It doesn’t take much to miss him: a song, a movie, a TV show. Maybe it’s a friend mentioning his name, or seeing or meeting someone who shares his name. The pain is almost unbearable.
The “him” I speak of is the man you used to be in a relationship or the man who you hoped to be in a relationship with. But he’s no longer in your life in the way he used to be. You still think you genuinely feel love for him, despite the fact that he’s no longer a major part of your life for a reason: he is a jerk. He hurt you, probably repeatedly. And you know in your heart of hearts that you have no business ever having a relationship or probably even having any sort of friendship with him. But you still miss him a lot–even if he was and is bad for you.
You’re tightly holding onto the memories of this man despite the fact that you know that it’s time to move on. You miss him more than you can clearly express, you think of him all the time, and your heart aches at the thought of not having him near.
Of course, the problem with missing someone with whom you have an unhealthy relationship is that it leads to re-engagement with that person–which is the last thing you need. But you’ve probably texted him or called him, more than once. And you probably regretted it soon after you’ve done it. You can’t just help yourself, can you? Every bit of progress you’ve made in an attempt to gain a healthy distance from him goes straight back to zero.
If given any chance, you would take him back in a second; you hope that one day, he can turn around and admit, “I screwed up, you are what I need in my life.”
Which brings me to my point: this guy you miss so much, he doesn’t really exist.
Yup. That man you miss so much, the man you wish could hold you again, the man whose physical presence you crave, isn’t really real.
You may be saying, “Wait a minute! I was in a very real relationship, what do you mean he didn’t exist?”
What you’re missing is the idea of him, not who he really was and is.
You’re missing the version of a man that you constructed in your head. You created this version of him to fulfill a need. It could be a need to solve the problems of men in the past. It could be an unrealistic obsession with the “perfect guy.” It could be an obsession with unavailable men. Early on in your relationship or friendship, this guy somehow did things that you’ve always wanted a man you’re in a relationship to do and somehow said all the right things and that is what you end up being biased towards. He also seemingly managed to avoid doing things that men in your past did to hurt you emotionally or made you feel uncomfortable. And as soon as you witnessed this “good” behavior, you latched on to it. Box checked; this guy might be the one. You ignore all the bad stuff and hang on to the romantic fantasy of him feeding you nice lines.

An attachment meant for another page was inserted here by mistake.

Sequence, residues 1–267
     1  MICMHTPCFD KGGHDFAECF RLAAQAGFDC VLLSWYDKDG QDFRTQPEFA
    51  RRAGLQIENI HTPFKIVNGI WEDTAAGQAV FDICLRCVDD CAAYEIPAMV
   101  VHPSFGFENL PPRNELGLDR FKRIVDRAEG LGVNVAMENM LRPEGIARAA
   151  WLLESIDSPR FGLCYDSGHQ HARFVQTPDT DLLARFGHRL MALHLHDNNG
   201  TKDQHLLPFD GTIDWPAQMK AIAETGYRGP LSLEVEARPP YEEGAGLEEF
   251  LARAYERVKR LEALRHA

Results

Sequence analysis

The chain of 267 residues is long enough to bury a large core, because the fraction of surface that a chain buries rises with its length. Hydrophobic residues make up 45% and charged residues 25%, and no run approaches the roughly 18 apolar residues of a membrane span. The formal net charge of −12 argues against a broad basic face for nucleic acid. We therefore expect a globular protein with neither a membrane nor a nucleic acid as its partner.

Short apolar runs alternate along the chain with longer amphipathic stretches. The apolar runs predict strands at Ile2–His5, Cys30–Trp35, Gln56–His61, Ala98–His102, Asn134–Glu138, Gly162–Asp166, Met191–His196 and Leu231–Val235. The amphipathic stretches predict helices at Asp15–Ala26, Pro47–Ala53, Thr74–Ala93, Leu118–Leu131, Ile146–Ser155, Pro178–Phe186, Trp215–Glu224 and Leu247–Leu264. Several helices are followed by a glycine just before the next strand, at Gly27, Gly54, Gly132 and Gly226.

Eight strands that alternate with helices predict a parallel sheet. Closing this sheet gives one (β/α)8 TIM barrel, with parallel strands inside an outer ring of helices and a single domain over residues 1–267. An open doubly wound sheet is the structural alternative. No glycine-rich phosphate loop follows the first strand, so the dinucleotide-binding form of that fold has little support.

But all these positive traits are the components you piece together to create this image of this guy, who wasn’t actually a good guy or at least not the man for you. And it’s that constructed version of him that makes you ache, that makes you hurt. It’s the version you miss so much. It’s the version that makes you wonder how you are ever going to find a guy like him again. You can’t imagine that another guy like him, with all his unique qualities, could exist.
The creation/idea you thought you were with, the guy you miss so much actually treated you horribly, made you cry, made you feel lonely. But you don’t think as much about those horrible moments when you are thinking of him, do you?
The parts of him that you do miss don’t really involve the negative. Rather, it’s about the idyllic. It’s about little moments with him that were so amazing; you can just close your eyes and go back to them and feel incredibly happy and then incredibly sad.
Whenever you should be reminding yourself that this guy hurt you, disappointed you, you do just the opposite. The man you managed to create, who doesn’t really exist, pops up. He’s smiling, he’s making you feel special, he’s the one who makes you feel invincible. “The idea” of him comes roaring back and sets you further behind in your progress to properly move on.
Nighttime is the worst, isn’t it? The anxiety runs high. Nothing can seemingly soothe the frustration, anger, sense of loss. Being alone is painful, but even being with your friends is equally tension-filled.
It’s enough to make you want to throw something against the wall, “Why can’t I just stop re-engaging, why can’t I just move on, why can’t I stop missing him? Why can’t I make this go away?”
You’re not going to stop missing “him” until you first acknowledge that he was never really there to begin with.
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